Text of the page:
HISTORY OF IDENTITY

Some of our identities are given to us, while others are chosen, and each of these identities is either thin (of minimal importance) or thick (of greater significance). These thin and thick identities help define who we are individually and collectively. In this course, students will explore the complex and layered nature of identity through case studies that will include: the university (change and continuity of institutional identity), Basques (change and continuity of ethnic and collective identity), and America (origins of the present American identity crisis: Red v. Blue America). Lead Instructor: John Ysursa.

THE PURPOSES OF COLLEGE: LITERATURE ON THE AMERICAN UNIVERSITY

What should college be for? This course plunges students into an examination of higher education and its role in society. Students are expected to dig deeply into a wide range of readings and to explore the purposes of college from multiple perspectives. Students work extensively in teams to research and share ideas about how to make the most of their own university experience and how to shape higher education for the future. Instructors: Stephanie Cox, Corey Simpson, April Kolman. (Online only.)

LITERARY THINGS

From smartphones to the ubiquitous kitchen toaster, from our dependable running shoes to our embarrassing high school yearbook photo, things surround us in the twenty-first century. We need them, we desire them, we love or hate them. We cannot live without them. What has literature had to say about everyday things and how they help us – humans – tell our stories? And how might thinking about things lead us to difficult questions about those humans who are dehumanized as things? This course will examine the narrative strategies, the ideological purposes, and the ethical and moral questions raised by the literary depictions of things. Lead Instructor: Gautam Basu-Thakur.

THE AGE OF INFORMATION

We live in an “Age of Information.” Digital information is increasing at exponential rates: from traditional publications such as books or newspapers to ‘amateur’ data in the form of social media. This course investigates how mass media and information technology shape the way we understand the world around us. We will address the following questions: Is all this information making us more informed? Why has ‘fake news’ become such an issue? And how does advertising and social media curate our choices, values, and identities? Instructors: Timothy Guill, Dane Johns. (Online only.)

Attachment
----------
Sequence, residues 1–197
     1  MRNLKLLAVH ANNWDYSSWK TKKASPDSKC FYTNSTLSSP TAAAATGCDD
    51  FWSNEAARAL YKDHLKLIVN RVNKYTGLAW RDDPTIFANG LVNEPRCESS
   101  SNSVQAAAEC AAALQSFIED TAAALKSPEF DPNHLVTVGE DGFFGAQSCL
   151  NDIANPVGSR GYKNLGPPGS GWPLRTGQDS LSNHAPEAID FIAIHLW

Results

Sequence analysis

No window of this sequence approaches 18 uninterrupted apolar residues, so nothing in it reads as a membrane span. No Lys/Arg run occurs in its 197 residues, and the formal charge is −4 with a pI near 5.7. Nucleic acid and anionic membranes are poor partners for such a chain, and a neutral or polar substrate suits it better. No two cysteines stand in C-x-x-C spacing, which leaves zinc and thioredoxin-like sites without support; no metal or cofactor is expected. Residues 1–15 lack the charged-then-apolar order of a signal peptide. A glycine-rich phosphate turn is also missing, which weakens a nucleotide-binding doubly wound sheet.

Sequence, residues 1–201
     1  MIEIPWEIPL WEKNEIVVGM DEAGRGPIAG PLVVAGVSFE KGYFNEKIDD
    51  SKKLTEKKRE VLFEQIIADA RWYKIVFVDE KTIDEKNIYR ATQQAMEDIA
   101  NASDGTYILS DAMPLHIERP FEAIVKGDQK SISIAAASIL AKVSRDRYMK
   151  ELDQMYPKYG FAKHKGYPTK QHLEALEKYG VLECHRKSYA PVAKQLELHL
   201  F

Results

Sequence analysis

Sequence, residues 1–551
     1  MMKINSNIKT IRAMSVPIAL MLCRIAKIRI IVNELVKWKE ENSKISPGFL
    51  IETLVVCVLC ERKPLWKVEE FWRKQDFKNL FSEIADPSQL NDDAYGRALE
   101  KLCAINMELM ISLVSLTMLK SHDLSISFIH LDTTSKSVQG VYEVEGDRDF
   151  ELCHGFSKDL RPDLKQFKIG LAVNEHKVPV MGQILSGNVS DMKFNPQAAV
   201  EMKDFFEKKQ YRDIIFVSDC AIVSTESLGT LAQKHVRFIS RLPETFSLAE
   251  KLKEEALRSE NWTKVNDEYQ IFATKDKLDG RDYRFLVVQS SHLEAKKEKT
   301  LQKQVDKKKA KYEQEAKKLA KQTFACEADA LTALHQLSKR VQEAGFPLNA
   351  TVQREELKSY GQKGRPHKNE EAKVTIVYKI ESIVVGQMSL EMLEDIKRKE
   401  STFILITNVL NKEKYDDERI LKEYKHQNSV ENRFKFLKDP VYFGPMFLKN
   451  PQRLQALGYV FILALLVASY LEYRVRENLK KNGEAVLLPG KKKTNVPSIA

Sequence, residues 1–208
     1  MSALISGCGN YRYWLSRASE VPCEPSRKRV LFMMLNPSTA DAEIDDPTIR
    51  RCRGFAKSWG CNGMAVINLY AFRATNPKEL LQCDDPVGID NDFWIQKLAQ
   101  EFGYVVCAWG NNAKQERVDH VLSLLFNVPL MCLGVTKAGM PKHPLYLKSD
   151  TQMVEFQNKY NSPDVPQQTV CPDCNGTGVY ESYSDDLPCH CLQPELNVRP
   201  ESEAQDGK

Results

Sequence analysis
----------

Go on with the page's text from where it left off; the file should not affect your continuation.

WILD, TAME, AND IN-BETWEEN: ANTHROPOLOGY AND THE DOMESTICATION OF ANIMALS, PLANTS, AND OURSELVES

How has the ongoing process of domestication shaped our society? Has domestication been a ‘net gain’ for humanity, or are the emerging costs of engineering plants, animals, landscapes, and our own bodies a warning for the future?  Exciting new discoveries in anthropology, archaeology, and genetic research are re-writing our understanding of the past and opening new avenues for improving food security, tackling climate change, understanding urban ecosystems, and re-wilding landscapes. Students will improve their scientific inquiry, cultural literacy, critical thinking, and communication skills. Lead Instructor: Pei-Lin Yu.

DIVERSE CULTURES IN FILM

What dynamics are at play between majority and minority cultures? What contributions do marginalized cultures make to societies they are a part of? This course will examine the marginalization of minority cultures through film, so we can better understand ourselves, our own culture, the effects of marginalization, and the roles minorities play. Lead Instructor: Becca Sibrian.